In 1988, the Salinas administration continued many of the policies of the de la Madrid administration. Companies were privatized; as of 1993, 390 (63 percent) of the companies that had been held by the government in 1988 had been sold. Tax collection improved and in 1995 the government ran a surplus of 815 million pesos. Inflation was controlled initially and by 1994, the rate of inflation was 7 percent. However, in its pursuit of trade liberalization, the government mismanaged its currency. Current account deficits (imports greater than exports) progressed to a point where the government was without international reserves to pay for imports. In December of 1994, the incoming government of President Zedillo was forced to devalue the peso. Inflation and unemployment resulted. The economy contracted by 6.2 percent in 1995. However, the Mexican government was able to borrow or obtain credit guarantees of US$48 billion in 1995.

The Mexican economy has recovered quickly since 1995 through the pursuit of traditional economic policies. The Zedillo administration cut government spending and increased taxes. Accordingly, the rate of inflation went from 52 percent in 1995 to 27.7 percent in 1996. Privatization efforts will continue with the Fox administration that came into power in December of 2000. The growth numbers for the Mexican economy have looked impressive since 1996 with GDP growth in that year of 5.2 percent, 6.8 percent in 1997, 4.8 percent in 1998, and 3.7 percent in 1999. Inflation has also been controlled, with inflation in 2000 at 8.96 percent, the lowest annual inflation rate since 1994. Unemployment in October of 2000 fell to an all-time low of 1.97 percent. It is curious that the 19 year-old Mexican Stock Exchange (Bolsa Mexicana de Valores) did not respond to all of this good economic news in 2000. The Bolsa's stock index finished the year with a loss of 20.7 percent at 5,652 points. One possible explanation for this is that stock exchanges throughout the world tend to move in tandem and that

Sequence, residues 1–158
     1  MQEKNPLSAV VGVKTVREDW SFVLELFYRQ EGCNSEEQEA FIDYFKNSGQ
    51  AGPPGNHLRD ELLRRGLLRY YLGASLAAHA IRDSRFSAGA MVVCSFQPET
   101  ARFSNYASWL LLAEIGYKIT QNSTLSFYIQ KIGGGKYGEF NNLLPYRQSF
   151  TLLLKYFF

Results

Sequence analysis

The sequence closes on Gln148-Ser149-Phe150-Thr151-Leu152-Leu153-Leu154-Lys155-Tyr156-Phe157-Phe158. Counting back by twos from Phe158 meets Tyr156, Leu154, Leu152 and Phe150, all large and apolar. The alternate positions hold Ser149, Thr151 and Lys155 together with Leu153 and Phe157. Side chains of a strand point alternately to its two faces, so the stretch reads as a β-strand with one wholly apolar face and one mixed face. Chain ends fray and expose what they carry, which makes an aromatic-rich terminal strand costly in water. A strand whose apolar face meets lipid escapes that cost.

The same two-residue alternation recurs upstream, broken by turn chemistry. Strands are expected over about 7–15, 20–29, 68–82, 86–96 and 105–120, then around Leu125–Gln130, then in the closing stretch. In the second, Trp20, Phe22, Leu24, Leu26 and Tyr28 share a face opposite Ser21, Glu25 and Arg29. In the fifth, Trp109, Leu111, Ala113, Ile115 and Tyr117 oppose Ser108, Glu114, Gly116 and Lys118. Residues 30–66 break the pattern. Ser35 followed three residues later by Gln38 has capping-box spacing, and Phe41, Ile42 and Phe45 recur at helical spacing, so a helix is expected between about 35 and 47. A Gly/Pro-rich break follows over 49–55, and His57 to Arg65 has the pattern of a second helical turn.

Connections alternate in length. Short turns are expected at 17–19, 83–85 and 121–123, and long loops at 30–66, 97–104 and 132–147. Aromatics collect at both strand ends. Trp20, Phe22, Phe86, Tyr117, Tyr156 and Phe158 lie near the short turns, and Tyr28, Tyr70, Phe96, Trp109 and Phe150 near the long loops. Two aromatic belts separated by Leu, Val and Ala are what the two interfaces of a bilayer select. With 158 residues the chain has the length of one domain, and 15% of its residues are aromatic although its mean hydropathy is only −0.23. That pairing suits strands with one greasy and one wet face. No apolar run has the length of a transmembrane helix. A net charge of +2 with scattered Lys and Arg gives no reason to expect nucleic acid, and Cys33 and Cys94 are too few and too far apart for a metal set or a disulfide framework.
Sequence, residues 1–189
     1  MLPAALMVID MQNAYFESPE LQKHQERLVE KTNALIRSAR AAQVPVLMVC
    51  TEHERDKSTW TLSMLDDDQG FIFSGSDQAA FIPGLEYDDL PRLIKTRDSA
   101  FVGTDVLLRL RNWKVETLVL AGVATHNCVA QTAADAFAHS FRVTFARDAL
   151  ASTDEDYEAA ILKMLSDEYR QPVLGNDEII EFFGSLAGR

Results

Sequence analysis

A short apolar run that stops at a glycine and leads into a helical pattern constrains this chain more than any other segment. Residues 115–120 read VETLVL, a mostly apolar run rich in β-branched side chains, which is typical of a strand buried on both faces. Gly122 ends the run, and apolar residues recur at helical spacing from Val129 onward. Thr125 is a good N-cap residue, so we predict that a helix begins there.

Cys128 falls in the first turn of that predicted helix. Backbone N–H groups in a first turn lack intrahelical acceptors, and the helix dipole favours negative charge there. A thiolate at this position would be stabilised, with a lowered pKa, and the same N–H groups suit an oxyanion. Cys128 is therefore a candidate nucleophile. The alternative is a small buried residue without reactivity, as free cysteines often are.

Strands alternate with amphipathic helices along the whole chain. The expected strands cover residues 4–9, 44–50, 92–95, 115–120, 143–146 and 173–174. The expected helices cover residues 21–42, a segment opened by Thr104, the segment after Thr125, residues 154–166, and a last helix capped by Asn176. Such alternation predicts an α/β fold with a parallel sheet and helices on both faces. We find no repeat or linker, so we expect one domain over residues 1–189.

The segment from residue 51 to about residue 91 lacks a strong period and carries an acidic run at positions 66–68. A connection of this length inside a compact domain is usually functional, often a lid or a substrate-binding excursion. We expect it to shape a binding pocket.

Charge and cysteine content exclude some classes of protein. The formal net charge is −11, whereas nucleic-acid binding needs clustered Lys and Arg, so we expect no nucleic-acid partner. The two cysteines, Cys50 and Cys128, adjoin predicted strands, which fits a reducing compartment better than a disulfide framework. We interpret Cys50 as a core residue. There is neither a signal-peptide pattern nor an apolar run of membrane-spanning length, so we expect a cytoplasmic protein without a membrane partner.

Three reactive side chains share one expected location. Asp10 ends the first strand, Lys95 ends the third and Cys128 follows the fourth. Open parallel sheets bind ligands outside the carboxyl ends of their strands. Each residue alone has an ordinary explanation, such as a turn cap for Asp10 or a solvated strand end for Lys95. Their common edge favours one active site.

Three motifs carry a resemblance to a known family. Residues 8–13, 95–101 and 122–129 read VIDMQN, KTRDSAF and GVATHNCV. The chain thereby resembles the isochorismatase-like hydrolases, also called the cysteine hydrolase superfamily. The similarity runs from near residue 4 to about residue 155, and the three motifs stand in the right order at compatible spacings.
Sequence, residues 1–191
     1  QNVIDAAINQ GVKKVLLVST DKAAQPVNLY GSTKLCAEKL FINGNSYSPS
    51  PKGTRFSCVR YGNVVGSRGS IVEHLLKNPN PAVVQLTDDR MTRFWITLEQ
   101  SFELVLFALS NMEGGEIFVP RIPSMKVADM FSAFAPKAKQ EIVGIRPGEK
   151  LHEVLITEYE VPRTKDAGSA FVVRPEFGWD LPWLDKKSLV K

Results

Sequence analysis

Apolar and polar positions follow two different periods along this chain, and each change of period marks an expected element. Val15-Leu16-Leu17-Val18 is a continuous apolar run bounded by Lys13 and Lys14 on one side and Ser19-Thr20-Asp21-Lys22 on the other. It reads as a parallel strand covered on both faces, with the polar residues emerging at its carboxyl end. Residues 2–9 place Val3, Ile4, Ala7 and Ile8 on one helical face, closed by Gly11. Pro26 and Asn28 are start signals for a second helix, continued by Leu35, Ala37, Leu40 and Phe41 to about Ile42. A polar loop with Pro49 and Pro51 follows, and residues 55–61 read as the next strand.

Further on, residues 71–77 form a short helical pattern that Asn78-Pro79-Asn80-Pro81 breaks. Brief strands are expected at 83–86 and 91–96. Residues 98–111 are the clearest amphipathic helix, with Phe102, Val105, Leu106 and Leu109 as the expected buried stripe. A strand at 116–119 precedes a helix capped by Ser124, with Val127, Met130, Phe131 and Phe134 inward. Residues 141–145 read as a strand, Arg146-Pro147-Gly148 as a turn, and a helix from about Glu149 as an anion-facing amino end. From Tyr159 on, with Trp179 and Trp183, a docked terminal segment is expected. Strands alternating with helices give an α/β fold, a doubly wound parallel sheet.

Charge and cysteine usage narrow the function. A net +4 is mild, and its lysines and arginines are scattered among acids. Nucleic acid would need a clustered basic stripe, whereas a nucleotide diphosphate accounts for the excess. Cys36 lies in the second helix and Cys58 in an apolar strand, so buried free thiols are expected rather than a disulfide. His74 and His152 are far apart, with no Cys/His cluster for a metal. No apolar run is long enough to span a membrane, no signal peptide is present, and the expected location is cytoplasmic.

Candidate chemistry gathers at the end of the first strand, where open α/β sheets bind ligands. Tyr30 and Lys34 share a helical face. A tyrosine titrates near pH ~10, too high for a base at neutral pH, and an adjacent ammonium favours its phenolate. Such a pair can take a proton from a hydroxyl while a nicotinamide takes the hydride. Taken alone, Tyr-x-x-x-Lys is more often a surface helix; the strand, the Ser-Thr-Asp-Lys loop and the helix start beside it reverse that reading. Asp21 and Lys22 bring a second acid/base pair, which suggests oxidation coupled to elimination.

GDP per Capita (US$)
Country 1975 1980 1985 1990 1998
Mexico 3,380 4,167 4,106 4,046 4,459
United States 19,364 21,529 23,200 25,363 29,683
Canada 14,535 16,423 17,850 19,160 20,458
Brazil 3,464 4,253 4,039 4,078 4,509
SOURCE: United Nations. Human Development Report 2000; Trends in human development and per capita income.

the Bolsa lost value as did other stock exchanges throughout the world in 2000. It is worth noting, however, that the Bolsa continues to be one of the fastest growing stock exchanges in the world. Its index was valued at 1,500 points in 1995 after the peso crisis. Its close at 5,652 points in 2000 implies a 55 percent annual growth rate from 1995 to 2000. There are hundreds of Mexican companies presently traded on the exchange.

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Aug 13, 2010 @ 6:18 pm
great job i think you put alot of infomation in to this article
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Mar 6, 2011 @ 9:21 pm
Thank you for this article. It really helped me with my school project. Keep up the good work!